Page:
Book Reviews

Burmese Lacquerware

by
Sylvia Fraser-Lu

2000. 222 pages, 361 colour plates, 19 black and white plates, 20 line drawings, 23 x 22 cm.

ISBN-10: 974-8304-82-5 Softbound: $45.00
ISBN-13: 978-974-8304-82-3
ISBN-10: 974-8304-83-3 Hardbound: $58.00
ISBN-13: 978-974-8304-83-0

Light on Lacquer

Two recently released books on Burmese lacquerware reflect the considerable expertise of their authors, with lavish illustrations to match.
Book review by Michael Smithies

(The Nation, Bangkok, February 18, 2001)


The number of Burmese lacquerware experts must be fairly limited, so it is extraordinary that two books should come out in Bangkok in the same year on the subject, by authors who clearly know and respect each other.
   Of the two, the prolific Sylvia Fraser-Lu, with books on batik, regional textiles, silverware and other crafts behind her, has a more hands-on approach in the second edition of her book, which first appeared in 1985. She carefully describes the origins of lacquer in Burma, the lacquer process, techniques of lacquer decoration, design motifs, and objects for secular, religious, and ceremonial use. She then details information about current lacquer production centres in Burma, and lacquer collections both in Burma and overseas. The whole comes with two appendices (both in the text numbered “1”), endnotes, a glossary, a bibliography, and a comprehensive index.
   To illustrate her text she has a vast number high-quality coloured plates, and a few line drawings which are rather less impressive. She is particularly good, as one would expect of someone with a large book on Burmese crafts behind her, on the actual techniques and varieties of forms the lacquer works can take.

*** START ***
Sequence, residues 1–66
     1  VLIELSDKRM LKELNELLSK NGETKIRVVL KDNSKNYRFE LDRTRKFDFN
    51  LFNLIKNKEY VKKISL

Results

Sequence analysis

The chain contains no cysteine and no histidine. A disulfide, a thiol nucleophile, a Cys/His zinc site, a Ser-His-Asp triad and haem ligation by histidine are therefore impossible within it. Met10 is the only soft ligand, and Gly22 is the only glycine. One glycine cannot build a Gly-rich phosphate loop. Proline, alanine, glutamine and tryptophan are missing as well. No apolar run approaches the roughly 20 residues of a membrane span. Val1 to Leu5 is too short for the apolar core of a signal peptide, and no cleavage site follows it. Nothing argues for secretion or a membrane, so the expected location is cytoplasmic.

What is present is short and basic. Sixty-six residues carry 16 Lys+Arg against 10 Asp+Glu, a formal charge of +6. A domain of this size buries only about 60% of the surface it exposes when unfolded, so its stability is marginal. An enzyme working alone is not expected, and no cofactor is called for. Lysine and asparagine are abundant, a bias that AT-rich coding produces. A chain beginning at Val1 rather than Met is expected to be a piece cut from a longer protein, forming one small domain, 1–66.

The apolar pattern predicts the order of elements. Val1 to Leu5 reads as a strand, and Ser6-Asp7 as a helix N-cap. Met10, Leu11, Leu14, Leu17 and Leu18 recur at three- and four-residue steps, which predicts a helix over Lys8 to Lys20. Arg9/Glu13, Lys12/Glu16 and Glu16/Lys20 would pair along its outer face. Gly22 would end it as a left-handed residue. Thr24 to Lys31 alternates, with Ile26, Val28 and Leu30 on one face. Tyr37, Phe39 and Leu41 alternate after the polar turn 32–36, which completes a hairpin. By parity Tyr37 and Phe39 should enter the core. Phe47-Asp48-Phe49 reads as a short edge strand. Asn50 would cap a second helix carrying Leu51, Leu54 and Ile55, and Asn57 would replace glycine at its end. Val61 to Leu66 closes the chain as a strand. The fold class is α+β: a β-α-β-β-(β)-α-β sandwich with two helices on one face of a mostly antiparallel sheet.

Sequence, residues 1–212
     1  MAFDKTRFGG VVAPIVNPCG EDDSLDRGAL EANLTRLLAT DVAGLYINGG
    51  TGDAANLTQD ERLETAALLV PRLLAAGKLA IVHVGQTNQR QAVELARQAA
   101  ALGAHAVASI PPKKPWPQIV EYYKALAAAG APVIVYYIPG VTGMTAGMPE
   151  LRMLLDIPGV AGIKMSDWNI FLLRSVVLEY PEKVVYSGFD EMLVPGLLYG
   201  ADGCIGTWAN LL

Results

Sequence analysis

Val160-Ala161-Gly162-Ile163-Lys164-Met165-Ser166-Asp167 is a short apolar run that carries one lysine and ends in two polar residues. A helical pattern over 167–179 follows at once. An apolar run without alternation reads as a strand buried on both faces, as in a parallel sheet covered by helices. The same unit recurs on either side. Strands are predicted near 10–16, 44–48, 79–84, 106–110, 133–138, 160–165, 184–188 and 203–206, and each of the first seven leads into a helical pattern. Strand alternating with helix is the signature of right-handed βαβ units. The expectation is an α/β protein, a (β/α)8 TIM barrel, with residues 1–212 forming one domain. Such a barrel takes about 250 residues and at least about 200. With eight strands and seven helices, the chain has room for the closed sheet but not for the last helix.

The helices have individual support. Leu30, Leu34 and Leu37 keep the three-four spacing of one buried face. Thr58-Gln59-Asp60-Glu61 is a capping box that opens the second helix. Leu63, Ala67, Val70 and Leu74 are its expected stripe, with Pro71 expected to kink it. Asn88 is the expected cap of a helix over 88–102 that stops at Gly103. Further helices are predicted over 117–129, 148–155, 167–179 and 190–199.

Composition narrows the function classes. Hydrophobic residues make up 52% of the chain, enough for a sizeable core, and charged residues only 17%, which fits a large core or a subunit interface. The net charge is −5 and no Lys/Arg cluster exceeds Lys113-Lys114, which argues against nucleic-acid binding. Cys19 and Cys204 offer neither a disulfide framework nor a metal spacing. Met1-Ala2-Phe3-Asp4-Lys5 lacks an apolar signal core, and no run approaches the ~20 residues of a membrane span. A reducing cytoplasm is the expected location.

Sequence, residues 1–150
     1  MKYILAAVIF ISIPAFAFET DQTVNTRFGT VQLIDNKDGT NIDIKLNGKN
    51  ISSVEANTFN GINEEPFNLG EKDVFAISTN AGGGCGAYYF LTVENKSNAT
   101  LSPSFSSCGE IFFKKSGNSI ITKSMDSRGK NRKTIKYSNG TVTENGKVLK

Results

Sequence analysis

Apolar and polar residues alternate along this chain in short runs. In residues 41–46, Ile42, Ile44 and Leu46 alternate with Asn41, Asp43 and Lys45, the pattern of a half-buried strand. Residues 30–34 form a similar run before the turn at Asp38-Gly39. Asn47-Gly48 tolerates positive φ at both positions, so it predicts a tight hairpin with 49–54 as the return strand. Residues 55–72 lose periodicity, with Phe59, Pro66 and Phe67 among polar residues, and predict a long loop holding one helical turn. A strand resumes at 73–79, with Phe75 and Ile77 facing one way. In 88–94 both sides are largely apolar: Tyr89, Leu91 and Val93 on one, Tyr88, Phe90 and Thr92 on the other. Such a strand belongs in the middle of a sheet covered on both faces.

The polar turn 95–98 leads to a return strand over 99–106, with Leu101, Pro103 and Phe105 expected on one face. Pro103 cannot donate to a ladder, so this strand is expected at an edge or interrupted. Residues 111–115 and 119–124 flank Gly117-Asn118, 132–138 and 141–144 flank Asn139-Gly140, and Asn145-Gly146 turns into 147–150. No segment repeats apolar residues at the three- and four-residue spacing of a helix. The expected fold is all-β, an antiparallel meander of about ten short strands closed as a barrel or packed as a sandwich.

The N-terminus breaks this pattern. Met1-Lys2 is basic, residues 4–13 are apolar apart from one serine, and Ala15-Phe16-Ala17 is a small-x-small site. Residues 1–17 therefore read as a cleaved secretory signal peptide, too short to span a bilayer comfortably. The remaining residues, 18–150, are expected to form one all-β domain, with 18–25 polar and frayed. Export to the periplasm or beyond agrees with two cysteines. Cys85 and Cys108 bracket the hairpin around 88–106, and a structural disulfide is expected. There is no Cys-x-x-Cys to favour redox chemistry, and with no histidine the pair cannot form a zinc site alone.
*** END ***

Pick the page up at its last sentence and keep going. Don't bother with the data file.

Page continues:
It would seem from her remarks that Burma’s limited tourist industry keeps the craft going, and that many centres which flourished 20 years ago are largely in decline. This is to be regretted, as lacquer objects were originally made for daily use as much as for ceremonial or religious purposes, and works made for the tourist trade are rarely of high quality.
    Orchid Press has put the text and illustrations in an almost square book, the format one suspects being dictated by the size of many of the objects shown. There are notably few typos, except when it comes to putting accents over letters, where every one is wrong, and there is a consistently redundant and intrusive comma after giving dimensions and before a parenthesis “24 cm, (National Museum)”, for example. These are small points though, for the book is visually attractive, as well as clear and informative.
    The River Books volume appears to be a local reprint of a catalogue of an exhibition ‘Visions from the Golden Land: Burma and the art of lacquer’ held at the British Museum from April to August last year. It is centered around the collection of Mr and Mrs R. Isaacs, recently made when they served in Burma in the British Council and donated to the museum.
    These two books, covering such a narrow craft field, occasionally repeat information and even items illustrated, but by and large they tend to be complementary, and a potential buyer would be hard put to it to choose one over the other.

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